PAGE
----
Shaka Cave

Actually, we found the little-known Shaka Cave hike quite by accident. We were planning to hike the Hieroglyphic Trail [no, that’s not a typo, that’s how they spell it] near Gold Canyon, AZ, but we left late and the trailhead parking was full. After a few laps around the lot without success, we decided it was too busy for our liking and decided to go somewhere else. We went to the southeast side of Gold Canyon and headed out on Peralta Road 77. Some say AWD or 4WD are needed on the dirt road, but our Chev Impala made it easily since it had been dry for some time. We found parking spaces available at the Carney Springs Trailhead and put our permit on the dash. I checked the map app to see where we were and there were pins for Wave Cave (we had already been there) and Shaka Cave (we had never heard of Shaka Cave).

The beginning of the trail is very wide, flat and easy. It heads toward the beautiful Superstition Mountains and goes through a zigzag gate at the fence for the Superstition Wilderness. After this, we came to the Lost Goldmine Trail where some people use this to get to the Wave Cave from Lost Goldmine Trailhead. We did see WC painted on a rock with an arrow left. Instead of turning left, we went straight ahead on a narrow, much less used trail, with zero signage.

We spoke to a man and his son who were just returning from the Shaka Cave. It’s over there! [pointing to our right]

The trail was quite easy all the way to the arroyo (wash). It probably drains the Carney Springs Waterfall but since it hadn’t rained recently, it was dry.

In the creek, we saw this huge boulder, the size of a small house. Obviously it had been there for eons, but it reminded us of the forces of nature.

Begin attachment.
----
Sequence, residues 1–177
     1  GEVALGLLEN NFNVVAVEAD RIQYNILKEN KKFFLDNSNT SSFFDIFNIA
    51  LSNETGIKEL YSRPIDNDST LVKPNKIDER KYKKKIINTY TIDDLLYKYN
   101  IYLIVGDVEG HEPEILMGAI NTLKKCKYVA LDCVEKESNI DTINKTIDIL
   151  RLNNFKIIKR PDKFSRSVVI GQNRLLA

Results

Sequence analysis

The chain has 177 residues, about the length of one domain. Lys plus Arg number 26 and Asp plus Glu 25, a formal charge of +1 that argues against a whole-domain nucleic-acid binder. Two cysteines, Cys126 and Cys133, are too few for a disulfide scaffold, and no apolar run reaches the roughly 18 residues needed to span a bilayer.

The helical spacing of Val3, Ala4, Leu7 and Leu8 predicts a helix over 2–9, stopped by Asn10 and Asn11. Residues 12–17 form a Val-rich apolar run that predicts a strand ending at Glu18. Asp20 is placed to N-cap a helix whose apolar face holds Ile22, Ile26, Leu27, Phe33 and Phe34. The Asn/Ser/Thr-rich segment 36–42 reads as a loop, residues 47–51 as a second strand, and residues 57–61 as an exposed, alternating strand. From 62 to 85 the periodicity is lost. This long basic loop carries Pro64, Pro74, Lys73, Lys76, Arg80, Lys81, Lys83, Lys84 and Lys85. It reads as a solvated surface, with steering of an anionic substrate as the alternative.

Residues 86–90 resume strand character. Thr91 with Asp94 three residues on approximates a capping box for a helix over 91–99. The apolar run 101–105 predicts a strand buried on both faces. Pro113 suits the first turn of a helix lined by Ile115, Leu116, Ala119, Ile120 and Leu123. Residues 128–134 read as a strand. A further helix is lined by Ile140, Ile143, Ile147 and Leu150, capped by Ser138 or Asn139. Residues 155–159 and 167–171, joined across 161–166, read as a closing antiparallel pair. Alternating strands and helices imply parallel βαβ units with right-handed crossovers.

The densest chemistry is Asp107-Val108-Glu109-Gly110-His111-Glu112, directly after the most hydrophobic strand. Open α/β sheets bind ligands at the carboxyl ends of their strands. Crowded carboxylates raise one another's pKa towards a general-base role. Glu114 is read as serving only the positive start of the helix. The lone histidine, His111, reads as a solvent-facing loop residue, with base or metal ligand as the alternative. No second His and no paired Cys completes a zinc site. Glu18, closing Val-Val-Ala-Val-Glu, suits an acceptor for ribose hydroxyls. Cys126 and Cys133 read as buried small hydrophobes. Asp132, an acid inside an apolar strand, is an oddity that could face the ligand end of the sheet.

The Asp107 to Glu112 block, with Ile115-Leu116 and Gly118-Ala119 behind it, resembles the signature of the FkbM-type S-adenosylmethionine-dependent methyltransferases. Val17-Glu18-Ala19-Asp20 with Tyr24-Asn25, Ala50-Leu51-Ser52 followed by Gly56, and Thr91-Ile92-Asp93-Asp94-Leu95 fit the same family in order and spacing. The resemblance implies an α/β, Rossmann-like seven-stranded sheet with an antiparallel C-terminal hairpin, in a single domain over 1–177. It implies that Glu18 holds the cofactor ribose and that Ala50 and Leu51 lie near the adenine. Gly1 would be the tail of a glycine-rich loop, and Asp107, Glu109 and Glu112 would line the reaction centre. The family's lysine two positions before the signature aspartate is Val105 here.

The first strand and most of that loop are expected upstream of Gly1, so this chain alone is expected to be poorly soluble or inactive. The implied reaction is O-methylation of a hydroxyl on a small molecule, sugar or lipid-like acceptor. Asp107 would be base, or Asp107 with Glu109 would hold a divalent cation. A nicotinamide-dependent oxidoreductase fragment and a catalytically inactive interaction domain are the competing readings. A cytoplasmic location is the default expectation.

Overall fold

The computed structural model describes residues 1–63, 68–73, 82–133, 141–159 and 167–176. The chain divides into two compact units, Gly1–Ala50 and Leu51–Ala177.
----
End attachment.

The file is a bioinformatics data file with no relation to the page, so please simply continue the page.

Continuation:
Shortly after the wash, the elevation rose abruptly and this is where the moderate rating begins. The narrow trail was sometimes difficult to gain sufficient footing, but with patience, we carefully picked our way along. And then, thinking the cave entrance would be obvious, we almost passed it. The trail continues to the waterfall which of course wasn’t flowing [might have to return for that]. We turned back and went through the thick bushes that almost hide the entrance.

I was alert for bees or other cave dwellers, but thankfully found none. The views were exquisite and we noted it was mid afternoon in January and the mouth of this cave was still shaded.

We wondered if indigenous people ever used Shaka Cave? The floor was barren dirt. There was a black substance on the roof of the cave. Smoke film perhaps? Or just patina from eons ago? A little research revealed that Salado and Hohokam people lived in the area a thousand years ago, and a cave would be a welcomed shelter. The size, proximity to a natural spring, and food made it inhabitable.

There are two mortar holes at the entrance that were probably used to grind Palo Verde and/or Manzanita, which are everywhere and were known to be staple foods.

We could see the trailhead where we parked and the path back was much easier going downhill most of the time. As the trail widened, we met more hikers returning from the Wave Cave.

This hike is 2.5 miles roundtrip and the elevation gain is 400 ft, mostly easy, but the last quarter before the cave is moderate. Definitely easier than the Wave Cave hike.

4 thoughts on “Shaka Cave

  1. Wonderful write up and pictures! This can be made a private comment because it is a correction. The name is the Shaka Cave starting with letter S. If you want people to find your blog, then I recommend changing it. I found this page, which should clear things up. https://www.facebook.com/theshakacave

    Like

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